First Thoughts on Passages from Matthew in the Lectionary

Pentecost 8

William Loader

Pentecost 8: 26 July Matthew 13:31-33, 44-52

Jesus subverts the norms. In Matthew 13:31-32 Matthew returns to Mark 4, where Mark has his version of the parable of the mustard seed (4:30-32). As with the sending out of the 12 (Matt 10:1,5-15), so here, too, Matthew draws on a Q version of the tradition (see Luke 13:18-19). Matthew's version has features of both. Parables lend themselves to ever new interpretations and this is also the case with this one. There were more positive examples of plants which Jesus might have chosen. Instead he declares the kingdom of God is like what was often a weed! Leaven (13:33) and the image of 'fishing for people' (4:19) are also fairly negative and therefore shocking images. This was typical of Jesus. Today people would call such subversion post-modernism. Jesus subverts the normal expectations.

So it may not be only the smallness of the seed (storytellers' exaggeration to call it the smallest!), but also the weediness of the mustard plant which reflects on what many thought of Jesus and his preaching. In this sense the parable has much in common with the absurdity of the sowing in the parable of the sower. It is a defiantly assertive Jesus who proclaims the coming of the kingdom, nevertheless! The cross will be absurd. This is definitely alternative in emphasis. It becomes a symbol of the way of discipleship, the lowliness blessed in the beatitudes.

Mark says it grows to be the largest of plants. Q says it becomes a tree. Matthew says both! Mark's is more realistic because it becomes a large bush (not, in fact, the largest), hardly a tree. Birds can nest under it - providing that it has grown big enough at nesting season, if we want to press the detail! Tree imagery has Old Testament precedents (Ezekiel 17:22-24; 31:6; Daniel 4:10, 20; see also Psalm 104:12). Mostly it is negative, representing foreign powers, but Ezekiel 17 appears to use it positively of Israel and the nations. In the parable it now expresses the hope that the kingdom will also draw the birds, the Gentiles. This little embellishment about the birds may already have had that significance in Jesus' use of the parable. In any case it connects us to the great vision of the kingdom as a gathering of all people in peace and reconciliation, foreshadowed in the eucharistic feast. It is a value which collides with the xenophobia which appears to be driving current approaches to asylum seekers.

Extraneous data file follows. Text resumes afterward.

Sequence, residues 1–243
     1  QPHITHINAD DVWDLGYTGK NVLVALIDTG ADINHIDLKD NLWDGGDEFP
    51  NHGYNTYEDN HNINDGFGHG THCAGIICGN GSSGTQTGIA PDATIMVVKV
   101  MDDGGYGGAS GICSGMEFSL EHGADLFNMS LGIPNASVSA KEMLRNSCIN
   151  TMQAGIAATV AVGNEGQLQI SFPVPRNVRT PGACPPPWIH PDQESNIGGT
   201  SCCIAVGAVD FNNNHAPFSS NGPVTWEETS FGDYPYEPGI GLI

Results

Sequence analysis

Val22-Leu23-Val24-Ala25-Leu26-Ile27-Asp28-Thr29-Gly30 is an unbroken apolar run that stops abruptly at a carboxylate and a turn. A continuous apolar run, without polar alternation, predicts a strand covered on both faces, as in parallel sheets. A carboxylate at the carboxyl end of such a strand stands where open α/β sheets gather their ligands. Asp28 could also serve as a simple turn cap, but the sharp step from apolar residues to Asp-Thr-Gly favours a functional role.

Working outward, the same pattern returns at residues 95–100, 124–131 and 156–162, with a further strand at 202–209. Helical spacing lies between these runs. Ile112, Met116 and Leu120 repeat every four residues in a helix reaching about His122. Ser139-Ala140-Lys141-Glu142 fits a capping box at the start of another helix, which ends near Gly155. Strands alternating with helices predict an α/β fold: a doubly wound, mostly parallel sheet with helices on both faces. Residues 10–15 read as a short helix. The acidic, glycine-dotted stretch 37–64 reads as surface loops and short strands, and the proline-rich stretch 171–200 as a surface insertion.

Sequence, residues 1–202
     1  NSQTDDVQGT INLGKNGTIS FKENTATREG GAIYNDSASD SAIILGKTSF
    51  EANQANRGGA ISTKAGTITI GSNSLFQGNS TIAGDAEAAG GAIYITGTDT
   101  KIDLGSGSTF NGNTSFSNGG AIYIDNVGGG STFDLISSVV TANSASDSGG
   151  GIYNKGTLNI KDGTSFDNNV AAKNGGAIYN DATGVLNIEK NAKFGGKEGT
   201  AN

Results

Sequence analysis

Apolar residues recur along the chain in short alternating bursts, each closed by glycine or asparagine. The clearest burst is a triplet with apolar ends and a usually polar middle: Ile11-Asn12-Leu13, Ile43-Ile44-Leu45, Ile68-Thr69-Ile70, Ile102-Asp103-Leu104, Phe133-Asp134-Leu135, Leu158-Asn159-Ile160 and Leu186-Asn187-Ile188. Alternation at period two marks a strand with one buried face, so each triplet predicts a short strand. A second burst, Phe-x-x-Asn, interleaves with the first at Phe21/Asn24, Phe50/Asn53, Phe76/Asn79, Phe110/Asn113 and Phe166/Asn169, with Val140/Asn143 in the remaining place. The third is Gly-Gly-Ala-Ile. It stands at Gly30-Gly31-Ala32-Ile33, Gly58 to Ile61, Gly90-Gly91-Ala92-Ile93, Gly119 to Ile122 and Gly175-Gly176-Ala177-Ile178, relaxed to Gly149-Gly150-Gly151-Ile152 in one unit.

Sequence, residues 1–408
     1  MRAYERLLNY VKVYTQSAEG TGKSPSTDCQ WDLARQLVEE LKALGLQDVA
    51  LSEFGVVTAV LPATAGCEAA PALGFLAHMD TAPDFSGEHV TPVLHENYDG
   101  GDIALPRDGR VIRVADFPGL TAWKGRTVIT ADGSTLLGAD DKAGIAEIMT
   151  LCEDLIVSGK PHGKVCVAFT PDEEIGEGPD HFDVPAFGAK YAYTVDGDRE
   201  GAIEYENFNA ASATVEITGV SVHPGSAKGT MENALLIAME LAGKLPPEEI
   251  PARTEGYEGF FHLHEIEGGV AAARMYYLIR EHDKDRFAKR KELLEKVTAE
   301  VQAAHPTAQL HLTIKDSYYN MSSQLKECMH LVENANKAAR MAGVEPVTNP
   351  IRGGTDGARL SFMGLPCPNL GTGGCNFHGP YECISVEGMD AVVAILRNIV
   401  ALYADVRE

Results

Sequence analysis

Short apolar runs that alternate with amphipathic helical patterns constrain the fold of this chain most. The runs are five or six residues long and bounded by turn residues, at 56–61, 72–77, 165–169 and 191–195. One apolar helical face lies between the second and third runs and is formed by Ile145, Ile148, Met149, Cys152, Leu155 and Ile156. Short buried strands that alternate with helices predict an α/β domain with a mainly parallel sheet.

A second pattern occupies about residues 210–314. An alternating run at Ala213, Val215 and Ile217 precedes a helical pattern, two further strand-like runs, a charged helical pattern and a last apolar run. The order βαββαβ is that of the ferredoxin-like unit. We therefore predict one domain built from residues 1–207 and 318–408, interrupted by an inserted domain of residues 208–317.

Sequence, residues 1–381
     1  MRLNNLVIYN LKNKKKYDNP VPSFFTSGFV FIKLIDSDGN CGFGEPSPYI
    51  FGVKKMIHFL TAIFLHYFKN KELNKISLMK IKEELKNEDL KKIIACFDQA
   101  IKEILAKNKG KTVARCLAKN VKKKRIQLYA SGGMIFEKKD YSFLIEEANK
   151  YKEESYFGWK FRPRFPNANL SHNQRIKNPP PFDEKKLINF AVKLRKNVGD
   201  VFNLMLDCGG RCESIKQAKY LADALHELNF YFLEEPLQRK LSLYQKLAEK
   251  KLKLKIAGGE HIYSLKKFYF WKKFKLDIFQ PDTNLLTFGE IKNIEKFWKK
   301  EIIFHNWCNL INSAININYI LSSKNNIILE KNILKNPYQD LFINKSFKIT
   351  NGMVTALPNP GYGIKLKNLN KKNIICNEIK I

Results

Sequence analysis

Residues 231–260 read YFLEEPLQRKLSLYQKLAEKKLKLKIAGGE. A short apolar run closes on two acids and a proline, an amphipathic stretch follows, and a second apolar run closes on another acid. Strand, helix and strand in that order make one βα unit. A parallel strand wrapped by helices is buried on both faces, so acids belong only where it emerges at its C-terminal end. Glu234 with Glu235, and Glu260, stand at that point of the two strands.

The parable of the leaven is equally provocative as that of the mustard 'tree'. Potentially poisonous stuff providing bread! 44-50 bring three further parables. The treasure and the pearl illustrate the total commitment which the kingdom elicits and its reward. The fishing net returns to the theme of judgement, echoing the parable of the weeds and its interpretation. It suits those who see the threat of judgement as a sound motivator, including Matthew, and needs to be brought into critical theological dialogue with other gospel streams which appeal to grace and hope and opportunity.

It is typically Matthean that 13:51 has the disciples understand what Jesus had been saying. 13:52 has Jesus go on to speak of the scribe trained for the kingdom of heaven. Just as Jesus taught with authority and not as their scribes, according to 7:29, so the disciples are to be better scribes, but scribes nevertheless (so also 23:34). The good scribe or interpreter is one who both draws on tradition (scripture) and draws on contemporary experience as a parable of God's reality in the world, thus on both old and new. This is one reason why these 'first thoughts' resources will never do as sermons! You need also to study the unique text presented to you in your hearers.

Epistle: Pentecost 8: 26 July  Romans 8:26-39

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